I can view one, maybe two others at a time, but the rest have their backs to me, and what I mostly see are the spectators’ faces (rarely do they twitch in spontaneous sympathy, but some smile). I know what’s going on; I can loosely predict the departure of one grimacer and the arrival of another, and I surmise what the other performers are doing. After a while, I find myself thinking, okay. Now what?
Evans wrote of her previous Social Dance 1-8: Index that it “investigates a system of patterns that propel bodies through space and affective states” and “considers how we dance together, and build social relationships through choreographic pathways that are known and practiced in dancing and witnessing.” Is Social Dance 9-12: Encounter the high-school version of this?
She has also written, “The image must be a readymade reinvented or reclaimed to perform itself as choreographic in a series of planned situations.” This is a little more opaque, and I’m wondering if the facial-exertion idea has been retrieved and reinvented from Mitchell’s 2013 Interface.
So I’m thinking now that if theories and patterns and emotions and redesigned appropriations are what drove this work into existence, can we be expected to see all that in the finished work? Or is it enough that we sense structural and imagistic ghosts haunting what we actually see?
Anyway, I can begin to wonder about the several boom boxes that are occasionally carried to a new location and sometimes argue quietly with the music that is being produced onstage. I can consider the effect of the costumes. Feidelson, Okrent, and Mitchell wear unitards that are white in front and black in back. Hultman, Benny Olk and Maggie Cloud sport the reverse. Whatever the significance, the effect of such moves as a reclining dancer twisting his/her legs together in a novel way is to make you imagine that one of the legs doesn’t belong to the person doing the twisting.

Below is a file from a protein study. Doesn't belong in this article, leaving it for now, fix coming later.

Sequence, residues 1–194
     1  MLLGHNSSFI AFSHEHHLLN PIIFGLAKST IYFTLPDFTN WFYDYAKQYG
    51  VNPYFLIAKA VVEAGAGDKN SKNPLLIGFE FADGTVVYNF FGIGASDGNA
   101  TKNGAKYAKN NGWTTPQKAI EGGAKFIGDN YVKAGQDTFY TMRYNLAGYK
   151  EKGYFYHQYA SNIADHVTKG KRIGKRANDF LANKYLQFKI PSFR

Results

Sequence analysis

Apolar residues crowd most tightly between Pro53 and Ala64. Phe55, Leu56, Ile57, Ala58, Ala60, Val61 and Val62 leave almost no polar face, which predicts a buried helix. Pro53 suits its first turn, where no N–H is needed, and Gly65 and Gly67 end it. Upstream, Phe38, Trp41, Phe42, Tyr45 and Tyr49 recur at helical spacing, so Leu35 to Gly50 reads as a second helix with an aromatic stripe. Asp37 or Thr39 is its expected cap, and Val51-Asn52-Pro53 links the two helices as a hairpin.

Surprises crop up. Mitchell is suddenly giddy—silly even—wobbling from side to side like a kid getting crazy, or tantrummy. I didn’t notice Cloud undoing her bun, so it’s doubly exciting to see her lashing her long, blonde hair violently forward and back while jumping over and over. As she does this, Feidelson and Okrent lounge close to one bank of spectators, and Mitchell and Oik sit embraced, as if time has stopped.
The pace picks up, both in the dancing and the aural landscape. There appears to be a string of movements that any one of the six can be doing at any time. Or any few of them. Hultman almost never stops moving strenuously, while Mitchell takes some time out to sit and exercise his face. You become familiar with some of the moves: the stiff bending forward to make a right angle between legs and torso; the balance with one leg raised high to the side, the hops, the leaps with shoulder wiggles, and a few more. Many of the steps look deliberately unrefined—gawky. Others are performed with precision. Although I don’t know what system is determining the choreography, I sense that a lot of planning went into it; these are all serious artists. But the systems and the sources for the movements are not visible. We are left with what we see and what we can imagine about what we see, if we’re determined to grasp what Evans wants to convince us of.